When reviewing tow capacities published by truck manufacturers, fleet managers may notice a wide range available for each truck class. For example, ½-ton pickups can offer trailering capacities that range from 5,000 lbs. to more than 11,000 lbs.
Why such a large difference for the same size truck?
The answer lies in how the truck is spec'd and the type of trailer and hitch used. Put together the right combination and a truck can handle trailer loads with optimal power, efficiency, and safety. However, if the trailer weight exceeds the truck's capacity to pull it, the vehicle will encounter severe stress, leading to premature maintenance and component failure, and creating potential safety and liability issues, which could be costly to a company's bottom line.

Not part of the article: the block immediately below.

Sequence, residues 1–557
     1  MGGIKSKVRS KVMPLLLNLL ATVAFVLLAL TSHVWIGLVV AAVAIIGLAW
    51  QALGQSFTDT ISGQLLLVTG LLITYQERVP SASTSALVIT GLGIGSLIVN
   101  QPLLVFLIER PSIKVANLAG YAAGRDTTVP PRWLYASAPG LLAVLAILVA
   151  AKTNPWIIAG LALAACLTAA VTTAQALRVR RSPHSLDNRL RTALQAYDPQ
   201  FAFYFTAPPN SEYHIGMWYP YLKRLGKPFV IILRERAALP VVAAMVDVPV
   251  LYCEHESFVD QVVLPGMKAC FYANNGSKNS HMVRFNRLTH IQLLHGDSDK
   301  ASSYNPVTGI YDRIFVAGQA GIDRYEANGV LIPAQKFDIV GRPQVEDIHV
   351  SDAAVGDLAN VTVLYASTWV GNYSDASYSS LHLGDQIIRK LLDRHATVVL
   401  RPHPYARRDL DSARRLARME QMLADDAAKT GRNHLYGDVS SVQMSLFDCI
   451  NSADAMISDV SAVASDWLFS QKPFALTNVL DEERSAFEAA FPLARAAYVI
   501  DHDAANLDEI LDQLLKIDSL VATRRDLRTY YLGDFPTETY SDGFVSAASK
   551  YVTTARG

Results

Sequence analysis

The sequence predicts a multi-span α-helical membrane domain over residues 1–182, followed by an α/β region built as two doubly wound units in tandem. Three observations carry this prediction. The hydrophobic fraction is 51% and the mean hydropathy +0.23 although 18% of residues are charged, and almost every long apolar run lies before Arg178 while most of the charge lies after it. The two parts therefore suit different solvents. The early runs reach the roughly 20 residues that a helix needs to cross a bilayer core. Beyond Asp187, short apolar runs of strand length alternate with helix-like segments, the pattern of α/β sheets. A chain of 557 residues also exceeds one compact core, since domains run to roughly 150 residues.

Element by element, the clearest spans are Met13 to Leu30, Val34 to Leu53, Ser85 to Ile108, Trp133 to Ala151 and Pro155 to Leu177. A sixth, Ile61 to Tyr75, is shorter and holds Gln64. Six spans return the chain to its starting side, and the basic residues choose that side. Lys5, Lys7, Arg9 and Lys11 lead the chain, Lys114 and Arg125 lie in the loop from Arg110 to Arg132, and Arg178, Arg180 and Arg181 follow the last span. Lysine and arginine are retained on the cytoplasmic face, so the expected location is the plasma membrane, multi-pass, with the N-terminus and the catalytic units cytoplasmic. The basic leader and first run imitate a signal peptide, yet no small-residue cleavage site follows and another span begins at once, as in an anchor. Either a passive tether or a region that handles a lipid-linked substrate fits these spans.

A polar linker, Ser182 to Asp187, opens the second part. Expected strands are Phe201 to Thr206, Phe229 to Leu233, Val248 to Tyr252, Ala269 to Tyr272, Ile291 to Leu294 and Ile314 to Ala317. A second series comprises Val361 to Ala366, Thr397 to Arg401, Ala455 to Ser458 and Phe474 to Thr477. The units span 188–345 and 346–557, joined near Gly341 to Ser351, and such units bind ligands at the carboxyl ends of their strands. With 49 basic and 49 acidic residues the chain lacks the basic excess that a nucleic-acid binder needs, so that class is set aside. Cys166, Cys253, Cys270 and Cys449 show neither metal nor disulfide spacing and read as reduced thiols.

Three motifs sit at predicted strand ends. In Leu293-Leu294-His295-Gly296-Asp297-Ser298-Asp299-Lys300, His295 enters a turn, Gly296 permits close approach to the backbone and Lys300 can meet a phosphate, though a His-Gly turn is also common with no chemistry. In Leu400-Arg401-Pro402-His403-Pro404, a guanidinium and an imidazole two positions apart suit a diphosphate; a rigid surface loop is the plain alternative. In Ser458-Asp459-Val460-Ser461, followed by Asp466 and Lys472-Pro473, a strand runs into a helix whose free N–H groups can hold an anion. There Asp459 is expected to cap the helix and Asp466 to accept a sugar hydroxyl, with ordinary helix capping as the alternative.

How do fleet managers ensure they've properly equipped trucks to handle required towing requirements?
Five Questions to Define Towing Requirements
The starting point is to define exactly what requirements are needed for the trailer. Use these five questions as a guide:
1. What will be hauled in the trailer? Will it be a dense load, with loose rock or dirt? Will it be bulky construction or lawn debris? Will the trailer haul heavy equipment, such as a backhoe or excavator? Make a list of all possible cargo types planned to pull with that trailer - and what is anticipated to be placed on the trailer at the same time.
2. What are the cargo dimensions? This addresses cargo volume. Based on the dimensions of the payload, how much space is needed?
3. How much weight will be hauled? Look at a list of the different types of cargo the truck will need to haul. What are the estimated weights of each type? What quantity of each will be on the trailer at maximum load? What will that total payload weigh?